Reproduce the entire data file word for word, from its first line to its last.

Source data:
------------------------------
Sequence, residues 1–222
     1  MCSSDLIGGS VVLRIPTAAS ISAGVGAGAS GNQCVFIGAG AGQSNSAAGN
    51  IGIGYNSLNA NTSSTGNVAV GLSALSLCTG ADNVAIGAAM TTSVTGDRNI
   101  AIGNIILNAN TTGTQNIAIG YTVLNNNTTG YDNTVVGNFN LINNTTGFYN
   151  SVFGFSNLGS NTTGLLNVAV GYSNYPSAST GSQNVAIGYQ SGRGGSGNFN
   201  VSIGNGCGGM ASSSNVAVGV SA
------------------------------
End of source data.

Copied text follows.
Sequence, residues 1–222
     1  MCSSDLIGGS VVLRIPTAAS ISAGVGAGAS GNQCVFIGAG AGQSNSAAGN
    51  IGIGYNSLNA NTSSTGNVAV GLSALSLCTG ADNVAIGAAM TTSVTGDRNI
   101  AIGNIILNAN TTGTQNIAIG YTVLNNNTTG YDNTVVGNFN LINNTTGFYN
   151  SVFGFSNLGS NTTGLLNVAV GYSNYPSAST GSQNVAIGYQ SGRGGSGNFN
   201  VSIGNGCGGM ASSSNVAVGV SA